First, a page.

Whether you believe The Strokes are the 21st century saviors of rock and roll or consider them nothing more than an over-hyped garage band, there’s no denying their force in the trajectory of rock music in the last decade.

Last week, The Strokes released their fifth studio album, Comedown Machine, a monumental moment in the band’s history. A quick glance at the album’s cover indicates just one image: a logo of record label RCA Records. Though it may seem like lazy design, the image instead holds special significance.

After the Strokes’ 2001 EP The Modern Age generated hype across the music industry, major record labels engaged in an extended bidding war to sign the band. RCA Records emerged victorious and signed the Strokes to a five-album contract, which now comes to a close with Comedown Machine.

To fully understand and appreciate Comedown Machine, it’s necessary to put it into context of The Strokes’ history. The band first gained critical acclaim after their 2001 debut album Is This It was hailed by music critics as one of the best rock albums of all time. Room on Fire was met with similar success, and three years later, the band released First Impressions of Earth.

Creative rifts in the band caused lead singer and frontman Julian Casablancas to venture into side projects, while the band went on a five-year hiatus.

Comedown Machine represents the culmination of a rocky, 12-year career. Through the band’s ups and downs, however, The Strokes have had fans and critics on the edge of their seats, eagerly awaiting each successive album.

The Strokes are fully aware of their charm. “You don’t want to be without this,” sings Casablancas on “Tap Out,” the funky first track.

Casablancas speaks truth. Simply put, Comedown Machine is a solid rock album. It’s a bit lighter and poppier than the garage rock sound of the band’s first two albums.

Casablancas’ singing voice is more subdued, sometimes so much so that it’s hard to make out what he’s saying. In this respect, Comedown Machine follows in the same vein as Angles and even Phrazes For the Young, Casablancas’ new wave, rock electronica solo project. For the most part, however, the album is upbeat, with the still-present catchy guitar riffs that are so characteristic of The Strokes.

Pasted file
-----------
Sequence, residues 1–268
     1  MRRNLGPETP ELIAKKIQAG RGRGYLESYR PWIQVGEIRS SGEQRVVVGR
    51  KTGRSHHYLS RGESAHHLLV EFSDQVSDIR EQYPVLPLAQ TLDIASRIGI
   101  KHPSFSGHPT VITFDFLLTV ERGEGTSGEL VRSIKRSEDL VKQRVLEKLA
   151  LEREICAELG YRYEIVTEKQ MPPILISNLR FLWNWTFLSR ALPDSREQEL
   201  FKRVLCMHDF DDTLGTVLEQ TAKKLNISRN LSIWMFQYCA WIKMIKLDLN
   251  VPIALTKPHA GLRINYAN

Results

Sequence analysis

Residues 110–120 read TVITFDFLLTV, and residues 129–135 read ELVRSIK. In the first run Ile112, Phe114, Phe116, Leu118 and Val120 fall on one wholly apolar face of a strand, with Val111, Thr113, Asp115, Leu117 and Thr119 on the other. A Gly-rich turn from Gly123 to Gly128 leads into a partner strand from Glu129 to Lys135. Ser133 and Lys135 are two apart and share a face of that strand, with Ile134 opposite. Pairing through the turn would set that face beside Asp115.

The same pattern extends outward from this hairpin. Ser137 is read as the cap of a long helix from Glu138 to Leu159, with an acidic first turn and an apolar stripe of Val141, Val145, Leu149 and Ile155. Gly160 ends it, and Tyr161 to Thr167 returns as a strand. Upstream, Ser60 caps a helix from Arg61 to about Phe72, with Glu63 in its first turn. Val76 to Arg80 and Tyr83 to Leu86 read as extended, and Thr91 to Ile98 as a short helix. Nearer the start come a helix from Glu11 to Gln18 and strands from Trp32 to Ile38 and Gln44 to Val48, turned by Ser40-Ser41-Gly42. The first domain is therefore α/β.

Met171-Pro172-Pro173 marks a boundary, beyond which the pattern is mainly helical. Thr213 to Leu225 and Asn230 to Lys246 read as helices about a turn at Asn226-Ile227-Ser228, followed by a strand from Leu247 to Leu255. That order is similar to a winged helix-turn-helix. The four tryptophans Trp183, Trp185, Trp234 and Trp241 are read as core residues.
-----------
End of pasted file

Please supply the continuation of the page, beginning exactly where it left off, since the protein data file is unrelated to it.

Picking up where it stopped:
Comedown Machine makes way for experimentation as Casablancas goes falsetto over a Latin-inspired riff on “One Way Trigger.” The song tackles Casablancas’ transition from his rebellious rock and roll lifestyle to growing up and settling down with his wife. As he sings the chorus, “settle down, out of town/ Find a dream, shut it down,” one feels that Casablancas’ days of lurking in bars all night are rapidly flying away – and so are his dreams.

“Welcome to Japan” showcases a quirkier side of The Strokes, with lyrics that feel meaningless and disjointed. On “80’s Comedown Machine,” the album shifts to a dream pop sound, coming down from the energetic sound that’s been present thus far.

Musically, Comedown Machine‘s best songs are toward the latter half of the album. In their simplest interpretations, tracks such as “Partners in Crime,” “Chances” and “Happy Ending” are delicious pieces of ear candy.

Song writing hasn’t ever been a particular strength of The Strokes, however, and lyrically, Comedown Machine is weak. Some of the album’s vague lines could be interpreted as artistically enigmatic, but they frequently fall flat.

If you’ve been hiding under a rock for the past 12 years and haven’t ever listened to The Strokes, give this album a listen.

If you’re familiar with The Strokes but are afraid that Comedown Machine couldn’t possibly measure up to your old favorites, listen to it anyway. If you’ve already listened to the album, listen to it again, because like all Strokes’ albums, it gets better with each listen.

– By Harmeet Kaur 

Photo courtesy of Wikimedia Commons